In the wake of Tony Pulis’s undeserved exit from Stoke City, I have a message for their fans: “Be careful what you wish for in football.” It seems as though Pulis was shown the door, following the seven most successful years in Stoke’s history, because chairman Peter Coates and his board succumbed to the growing rumblings of discontent from sections of the support. Stoke’s directors say they want to “take the club in a different direction.” Well, I hope for their sake, that direction isn’t backwards because it will take something, someone, special to emulate what Pulis achieved. Namely, lifting the club into the top flight for the first time in 23 years, becoming the only Stoke manager to finish above the top-flight bottom six for five consecutive seasons, taking the club into Europe, contesting an FA Cup final, a cup semi-final and four quarter-finals.
Now, the feeling is that some fans believe their team should be doing all of that while playing Manchester United or Arsenal-style football and that Stoke are no more than a long-ball team. Well, it’s a fact that Newcastle played more long balls than Stoke last season and I don’t hear anybody branding them in the same vein.The fans might do well to contemplate the situation at Wigan, where Roberto Martinez produced a good footballing team – that was relegated after shipping 73 goals. It is true that Stoke have relied heavily upon corners and knock-downs for their goals and their style was becoming a bit predictable. But Pulis was trying to change things. Evidence of that was in his signing last year of midfielder Charlie Adams, from Liverpool.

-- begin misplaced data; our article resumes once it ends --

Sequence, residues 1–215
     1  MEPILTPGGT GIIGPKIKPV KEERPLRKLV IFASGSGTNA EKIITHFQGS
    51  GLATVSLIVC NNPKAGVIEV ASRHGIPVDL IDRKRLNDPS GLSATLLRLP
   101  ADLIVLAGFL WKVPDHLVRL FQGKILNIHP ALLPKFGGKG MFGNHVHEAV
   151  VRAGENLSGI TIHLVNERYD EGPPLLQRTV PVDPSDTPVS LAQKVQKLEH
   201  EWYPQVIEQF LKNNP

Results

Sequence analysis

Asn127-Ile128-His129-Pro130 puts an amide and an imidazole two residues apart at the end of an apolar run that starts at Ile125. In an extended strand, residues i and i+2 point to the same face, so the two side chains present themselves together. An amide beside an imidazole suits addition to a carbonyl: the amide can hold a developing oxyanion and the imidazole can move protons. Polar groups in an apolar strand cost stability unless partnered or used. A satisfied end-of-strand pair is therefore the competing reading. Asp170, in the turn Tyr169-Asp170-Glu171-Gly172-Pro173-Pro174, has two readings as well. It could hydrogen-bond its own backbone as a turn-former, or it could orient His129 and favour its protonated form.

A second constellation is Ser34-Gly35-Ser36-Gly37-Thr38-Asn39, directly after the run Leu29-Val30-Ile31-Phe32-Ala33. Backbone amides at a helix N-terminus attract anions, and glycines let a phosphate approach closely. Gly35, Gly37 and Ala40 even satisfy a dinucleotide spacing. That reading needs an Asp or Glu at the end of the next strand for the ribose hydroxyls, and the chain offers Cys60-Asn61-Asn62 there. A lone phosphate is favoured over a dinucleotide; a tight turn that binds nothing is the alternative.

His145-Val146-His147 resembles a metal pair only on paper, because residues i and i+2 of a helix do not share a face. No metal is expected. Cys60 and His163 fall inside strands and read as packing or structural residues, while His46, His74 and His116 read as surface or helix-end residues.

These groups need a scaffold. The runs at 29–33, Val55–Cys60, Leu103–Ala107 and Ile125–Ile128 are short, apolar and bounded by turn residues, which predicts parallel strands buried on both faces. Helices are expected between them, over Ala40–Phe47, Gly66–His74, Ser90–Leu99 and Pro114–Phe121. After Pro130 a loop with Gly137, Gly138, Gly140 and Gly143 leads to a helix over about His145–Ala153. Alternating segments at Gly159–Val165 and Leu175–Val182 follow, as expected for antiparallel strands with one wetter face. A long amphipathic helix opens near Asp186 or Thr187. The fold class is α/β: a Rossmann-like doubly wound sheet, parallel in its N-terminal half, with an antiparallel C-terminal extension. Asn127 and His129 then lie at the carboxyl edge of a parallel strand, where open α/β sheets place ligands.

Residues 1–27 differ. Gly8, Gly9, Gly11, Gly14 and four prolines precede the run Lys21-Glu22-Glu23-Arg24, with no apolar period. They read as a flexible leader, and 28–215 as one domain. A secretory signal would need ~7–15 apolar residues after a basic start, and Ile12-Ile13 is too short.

Stoke simply cannot compete, financially, with the biggest clubs and I think Pulis did a marvellous job with the resources at his disposal. Pulis won my respect and admiration in 1999 when his Gillingham side was 2-0 up with four minutes to go against my Manchester City in the Second Division play-off final at Wembley. We scored twice in the 90th minute and beat them on penalties and his sportsmanship and dignity in the face of such crushing disappointment made its mark on me. So, to Tony, I say well done, while being hard done to. And, to the fans I repeat, beware what you wish for.